Yesterday, CERT issued this warning. It describes a vulnerability in a special protocol processing module of the popular SNORT intrusion detection software. Using a maliciously crafted packet, an attacker may gain control over the machine that runs SNORT (!). It is expected that the simplicity of this exploit (a buffer overflow) means that a worm will be appearing soon.
A very similar scenario took place with the Witty worm earlier last year. What do these scenarios have in common? In both cases, a deep-packet inspection security solution, performing protocol analysis, actually became a security weakness. Somewhat similar cases have also repeatedly happened with various anti-virus software packages from different vendors.
Ok, I admit it: The title of this article is probably more controversial than necessary. Firewalls and IPS solutions, which are capable of deep-packet inspection and protocol analysis, by themselves are quite useful. They do not represent a security risk any more than any normal server or desktop does...
Wait a minute...
We do assume that servers and desktops are a security risk of sorts, or else why would we deploy a deep-packet inspection firewall? Why should servers or desktops be a security risk? Because those machines need to parse the various application level requests that come their way over the network. And in doing so, they may be vulnerable to maliciously malformed requests and packets, if the code performing the parsing contains a bug. Buffer overflow exploits are quite common, caused by missing or incorrect range checking of the parameters that are contained within the request.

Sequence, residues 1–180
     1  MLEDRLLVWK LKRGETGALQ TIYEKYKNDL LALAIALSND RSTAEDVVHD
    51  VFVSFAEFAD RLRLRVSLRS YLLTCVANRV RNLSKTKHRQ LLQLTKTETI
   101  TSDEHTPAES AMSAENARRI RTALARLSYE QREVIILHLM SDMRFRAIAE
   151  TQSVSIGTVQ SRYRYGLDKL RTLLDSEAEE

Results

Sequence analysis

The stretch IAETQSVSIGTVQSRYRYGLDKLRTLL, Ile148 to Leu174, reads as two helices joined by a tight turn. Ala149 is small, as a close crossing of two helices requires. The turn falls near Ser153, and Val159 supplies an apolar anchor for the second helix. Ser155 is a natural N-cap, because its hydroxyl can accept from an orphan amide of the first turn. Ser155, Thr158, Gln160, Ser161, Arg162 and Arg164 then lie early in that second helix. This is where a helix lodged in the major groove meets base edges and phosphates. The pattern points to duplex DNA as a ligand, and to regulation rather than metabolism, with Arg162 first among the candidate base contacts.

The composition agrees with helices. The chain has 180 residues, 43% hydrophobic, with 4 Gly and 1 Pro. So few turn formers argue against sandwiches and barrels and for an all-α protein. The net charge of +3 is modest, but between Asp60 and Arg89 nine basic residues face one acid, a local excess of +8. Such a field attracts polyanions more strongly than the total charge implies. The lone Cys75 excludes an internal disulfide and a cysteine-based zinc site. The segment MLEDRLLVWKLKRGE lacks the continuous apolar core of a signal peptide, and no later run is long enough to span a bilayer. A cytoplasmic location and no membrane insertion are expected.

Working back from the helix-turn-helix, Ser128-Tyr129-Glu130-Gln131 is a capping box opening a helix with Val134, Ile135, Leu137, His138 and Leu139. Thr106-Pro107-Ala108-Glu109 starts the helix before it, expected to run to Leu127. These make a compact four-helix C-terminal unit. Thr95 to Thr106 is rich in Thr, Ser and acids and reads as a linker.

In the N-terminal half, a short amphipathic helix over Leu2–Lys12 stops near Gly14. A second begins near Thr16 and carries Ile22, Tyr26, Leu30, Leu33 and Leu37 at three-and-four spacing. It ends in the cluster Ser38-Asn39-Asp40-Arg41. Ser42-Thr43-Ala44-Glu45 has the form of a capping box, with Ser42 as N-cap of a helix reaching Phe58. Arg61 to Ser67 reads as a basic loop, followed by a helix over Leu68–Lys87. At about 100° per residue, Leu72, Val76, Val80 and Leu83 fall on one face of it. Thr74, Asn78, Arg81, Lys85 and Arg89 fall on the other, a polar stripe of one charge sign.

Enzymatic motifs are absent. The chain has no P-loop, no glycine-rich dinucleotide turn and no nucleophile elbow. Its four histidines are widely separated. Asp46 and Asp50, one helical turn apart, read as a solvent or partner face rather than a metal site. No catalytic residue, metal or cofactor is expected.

So, what do we do to combat the weakness introduced by code that has to perform the complex request parsing? We introduce even more code that performs complex request parsing, in the form of a deep-packet inspection firewall or protocol parsing IPS/IDS. Somehow, this does not seem to make any sense. Now, instead of one potentially vulnerable system (the server, for example), we have two potentially vulnerable systems on the network.
Of course, it can be argued that the vendors of the security solutions will be extra careful in writing their protocol parsers. But in the end, the people writing them are still just that: People. Human beings, who are prone to make mistakes once in a while, just like the authors of server and client software sometimes make mistakes.
In general, the more complex the solution, the more room there is for potential vulnerabilities. In this case, the parsing of potentially maliciously formed packets and requests can be quite complex. The attacker is in control here, because the security solution has to parse whatever was sent their way.
There are a class of security solutions, which do not suffer from that particular weakness. Ordinary firewalls, IPSs and IDSs that perform simple signature matching, anomaly detection systems that work on traffic meta data, and so on. All of these solutions have in common that they don't really parse packets or application requests. They look at fixed data fields in packet headers, for example. Not much parsing going on in that case. Or they count packets and packet types. Also, nothing the attacker sends needs to be parsed.
The moral of the story is a well-known security architecture paradigm: Don't trust a single-layer or single-solution approach to security. In this case, the ideal solution would be to pair the protocol-analyzing deep-inspection firewall or IPS/IDS with an anomaly detection system. The former takes care of well-known exploits, the latter of all the zero-day exploits and site specific anomalies. It may even produce signatures for zero-day vulnerabilities on the fly and feed them to the deep-packet inspection firewall or IPS (see here for more on that). In addition, the anomaly detection solution may also notice when the protocol-parsing solution has been commandeered by an attacker for different tasks.
Put in other words: If one needs the analysis and filtering of protocol-parsing and deep-packet inspection, it would be a good idea to have something else watching the watch-man, so to speak.